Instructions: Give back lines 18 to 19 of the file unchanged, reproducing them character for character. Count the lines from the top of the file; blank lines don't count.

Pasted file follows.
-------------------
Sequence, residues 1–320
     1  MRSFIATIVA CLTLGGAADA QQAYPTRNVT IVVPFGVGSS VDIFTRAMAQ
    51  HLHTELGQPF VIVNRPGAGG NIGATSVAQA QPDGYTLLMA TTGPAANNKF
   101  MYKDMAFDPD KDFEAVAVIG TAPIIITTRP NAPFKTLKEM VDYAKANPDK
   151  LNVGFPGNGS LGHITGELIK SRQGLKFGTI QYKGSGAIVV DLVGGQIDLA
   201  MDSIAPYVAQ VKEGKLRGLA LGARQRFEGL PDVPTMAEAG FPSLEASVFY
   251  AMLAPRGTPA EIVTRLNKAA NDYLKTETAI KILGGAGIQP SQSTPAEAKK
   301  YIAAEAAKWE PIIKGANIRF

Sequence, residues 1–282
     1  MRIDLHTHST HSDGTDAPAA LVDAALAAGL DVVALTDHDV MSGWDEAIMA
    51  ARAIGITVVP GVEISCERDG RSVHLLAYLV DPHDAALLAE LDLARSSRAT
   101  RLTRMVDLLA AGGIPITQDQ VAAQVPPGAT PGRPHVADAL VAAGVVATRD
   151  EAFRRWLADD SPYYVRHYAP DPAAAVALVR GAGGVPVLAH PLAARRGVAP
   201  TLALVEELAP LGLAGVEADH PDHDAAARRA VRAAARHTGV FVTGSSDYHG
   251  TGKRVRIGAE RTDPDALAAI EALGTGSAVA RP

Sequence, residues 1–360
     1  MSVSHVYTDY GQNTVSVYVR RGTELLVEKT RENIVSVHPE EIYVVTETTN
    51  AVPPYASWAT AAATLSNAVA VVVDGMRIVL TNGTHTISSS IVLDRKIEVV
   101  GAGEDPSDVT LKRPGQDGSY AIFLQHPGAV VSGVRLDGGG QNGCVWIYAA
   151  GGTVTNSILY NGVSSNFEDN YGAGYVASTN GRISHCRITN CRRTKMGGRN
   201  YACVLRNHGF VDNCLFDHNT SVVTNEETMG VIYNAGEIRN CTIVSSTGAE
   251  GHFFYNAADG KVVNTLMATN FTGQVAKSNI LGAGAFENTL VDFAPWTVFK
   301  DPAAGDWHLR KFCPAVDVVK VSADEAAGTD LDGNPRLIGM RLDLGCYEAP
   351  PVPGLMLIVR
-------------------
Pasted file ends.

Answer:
    51  AVPPYASWAT AAATLSNAVA VVVDGMRIVL TNGTHTISSS IVLDRKIEVV
   101  GAGEDPSDVT LKRPGQDGSY AIFLQHPGAV VSGVRLDGGG QNGCVWIYAA